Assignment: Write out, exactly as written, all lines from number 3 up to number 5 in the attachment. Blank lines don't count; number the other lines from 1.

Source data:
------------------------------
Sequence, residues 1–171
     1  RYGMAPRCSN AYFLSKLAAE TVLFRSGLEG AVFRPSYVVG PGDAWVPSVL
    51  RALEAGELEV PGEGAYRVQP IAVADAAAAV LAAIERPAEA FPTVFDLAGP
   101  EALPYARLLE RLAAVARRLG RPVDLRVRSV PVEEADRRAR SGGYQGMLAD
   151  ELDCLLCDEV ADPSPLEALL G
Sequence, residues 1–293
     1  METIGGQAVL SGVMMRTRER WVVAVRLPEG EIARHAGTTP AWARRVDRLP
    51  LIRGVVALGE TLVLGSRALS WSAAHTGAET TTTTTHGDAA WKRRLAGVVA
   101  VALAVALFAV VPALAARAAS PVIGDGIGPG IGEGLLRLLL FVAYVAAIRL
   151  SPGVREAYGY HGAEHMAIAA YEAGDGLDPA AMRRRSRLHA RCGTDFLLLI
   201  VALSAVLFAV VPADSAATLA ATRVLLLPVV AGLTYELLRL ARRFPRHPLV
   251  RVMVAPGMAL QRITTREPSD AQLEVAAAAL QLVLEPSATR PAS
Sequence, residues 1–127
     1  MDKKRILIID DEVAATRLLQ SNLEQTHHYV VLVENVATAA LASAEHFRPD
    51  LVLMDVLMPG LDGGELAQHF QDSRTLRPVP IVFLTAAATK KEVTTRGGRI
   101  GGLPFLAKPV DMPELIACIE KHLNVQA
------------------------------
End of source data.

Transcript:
    51  RALEAGELEV PGEGAYRVQP IAVADAAAAV LAAIERPAEA FPTVFDLAGP
   101  EALPYARLLE RLAAVARRLG RPVDLRVRSV PVEEADRRAR SGGYQGMLAD
   151  ELDCLLCDEV ADPSPLEALL G